24 Hours of Horseshoe Hell

Jasper Climbing Ranch Hosts Yearly Festival

By Bob Robinson 
Photography by Novo Studio


It’s been called the Lollapalooza of rock climbing.

Outside magazine referred to it as “the wildest rock climbing event in the world.” Climbing magazine rated it as one of the most difficult endurance events in the nation. But founder Andy Chasteen said it best when naming it “24 Hours of Horseshoe Hell.”

Part agony, part reunion, part costume party, this international annual scene entices climbers from the likes of Australia, Sweden, Canada and states all across America to a dude ranch nestled in the heart of Arkansas’s Ozark Mountains. Positioned in a horseshoe-shaped canyon floor, lined on three sides by sheer rock walls bejeweled with over 400 bolted climbing routes, the ranch is the only climbing venue in the country equipped to host such a competition.

September 26-30, 2018 marked the 13th year climbers came together to “climb for glory,” as Gordo the Great (aka Jeremy Collins) phrases it. Standing in the bed of a pickup truck, it is tradition for a wildly costumed Collins to kick off the event by shouting to a crowd of near 300 participants the “climbers’ creed.” In response, standing face to face with their climbing partner, each will repeat his words, in equally rambunctious yells, to their cohort for the coming 24 hours of shared suffering. The creed is a light-hearted yet serious reminder that partners hold one another’s lives in their hands.

The spirit of the creed pretty much exemplifies the event itself. With brightly-painted-muscular bodies and colorful costumes, the climbers join the loud raucous festivities, knowing they are about to begin both a physically demanding and potentially dangerous competition. These athletes have come from afar, if not to compete against other climbers then to push themselves to sleep-deprived, inconceivably punishing limits, and to have a great deal of fun in the process.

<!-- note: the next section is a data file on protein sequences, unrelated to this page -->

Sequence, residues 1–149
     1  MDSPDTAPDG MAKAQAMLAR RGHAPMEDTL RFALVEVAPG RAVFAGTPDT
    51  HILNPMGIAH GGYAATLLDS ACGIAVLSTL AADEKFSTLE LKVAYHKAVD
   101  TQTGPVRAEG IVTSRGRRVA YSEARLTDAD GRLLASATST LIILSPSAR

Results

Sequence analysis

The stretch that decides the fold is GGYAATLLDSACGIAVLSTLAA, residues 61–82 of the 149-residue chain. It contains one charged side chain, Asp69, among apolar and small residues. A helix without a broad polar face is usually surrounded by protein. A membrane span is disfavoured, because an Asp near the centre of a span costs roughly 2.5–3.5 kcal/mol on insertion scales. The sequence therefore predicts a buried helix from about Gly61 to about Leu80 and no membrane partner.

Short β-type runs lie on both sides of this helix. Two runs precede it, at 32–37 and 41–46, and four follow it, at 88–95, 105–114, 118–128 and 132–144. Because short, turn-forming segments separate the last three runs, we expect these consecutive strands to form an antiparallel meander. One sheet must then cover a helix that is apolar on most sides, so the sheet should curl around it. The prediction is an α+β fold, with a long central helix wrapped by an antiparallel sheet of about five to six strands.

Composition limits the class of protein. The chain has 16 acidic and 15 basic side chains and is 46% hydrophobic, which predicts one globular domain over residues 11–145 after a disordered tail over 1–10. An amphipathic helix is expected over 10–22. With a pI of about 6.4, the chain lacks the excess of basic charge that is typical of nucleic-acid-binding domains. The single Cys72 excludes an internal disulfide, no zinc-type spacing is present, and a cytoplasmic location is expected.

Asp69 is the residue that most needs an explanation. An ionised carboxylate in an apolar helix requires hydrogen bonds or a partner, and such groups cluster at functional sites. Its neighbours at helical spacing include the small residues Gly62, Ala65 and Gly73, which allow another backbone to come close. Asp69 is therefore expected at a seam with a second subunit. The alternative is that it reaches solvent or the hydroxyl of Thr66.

The rules remain basically the same as in 2006 when Chasteen and a few buddies were climbing the ranch’s rock walls, and one of them wondered aloud how many routes a pair of climbers could climb if they kept at it all day and all night. 

From its initial year, when 120 climbers signed up with only three months’ notice, the event has continued to grow in popularity. Concerned over the environmental impact, organizers decided to cap the number of competitors at under 300. Online registration usually fills the quota within minutes after opening.


In recent years, the 24HHH event has been preceded by a 12 Hours of Horseshoe Hell (12HHH). And there are those who, after completing the 12HHH, take a short nap, then accept the challenge of the 24HHH.

If you are not a rock climbing machine, you too are welcome to join the fun as a volunteer or spectator by going to the twofourhell.com website to register. With camping, food trucks, climbing gear vendor tents, socializing with fellow climbers, fun, games and live music this is a very spectator-friendly event.


 At the completion of the creed yell, as it has been on 12 previous occasions, someone stepped onto the bed of the pickup truck and fired a shotgun to announce the beginning of another 24HHH. Before the gun’s loud explosion had finished reverberating off the canyon walls, teams had scattered in all directions, each following their own unique strategy. With some teams preferring to attack the more difficult rated climbs while still fresh and rested while others prefer knocking out as many less-challenging routes as possible in the early hours.

The festive atmosphere continues throughout the entire competition, with climbers’ shouts, whoops and hollers echoing across the canyon at the top of each hour, celebrating another hour of climbing in the books.

During the 2017 competition, David McGee and Jordan Homer of Climbing for Crappers climbed a combined 342 routes to win most team routes climbed. In the process they raised over $3,000 to help build latrines in El Salvador (thus the team name). That amounted to over 14 routes per hour, or another way to look at it, a little over four minutes per climb. If you have ever been rock climbing, you realize just how incredible this is. It takes me that long just to plot my line up the rock.

Also in 2017, Jeremy Collins broke the cumulative All-Time Points Record during the competition’s 12-year history. In the process Collins, with 202, also won the most individual routes climbed. And he accomplished this climbing only trad’ routes. Totally insane!